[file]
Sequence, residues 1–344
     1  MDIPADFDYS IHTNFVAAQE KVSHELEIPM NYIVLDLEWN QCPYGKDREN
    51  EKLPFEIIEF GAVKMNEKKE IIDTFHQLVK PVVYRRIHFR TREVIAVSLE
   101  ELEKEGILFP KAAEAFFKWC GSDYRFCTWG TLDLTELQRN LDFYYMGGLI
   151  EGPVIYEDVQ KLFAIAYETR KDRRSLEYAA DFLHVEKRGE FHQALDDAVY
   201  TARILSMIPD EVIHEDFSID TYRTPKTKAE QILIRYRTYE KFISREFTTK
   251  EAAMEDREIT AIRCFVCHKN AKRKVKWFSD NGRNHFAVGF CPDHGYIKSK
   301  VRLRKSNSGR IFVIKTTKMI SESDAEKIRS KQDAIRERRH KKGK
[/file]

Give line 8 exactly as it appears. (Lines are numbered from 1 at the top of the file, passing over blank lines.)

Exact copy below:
   301  VRLRKSNSGR IFVIKTTKMI SESDAEKIRS KQDAIRERRH KKGK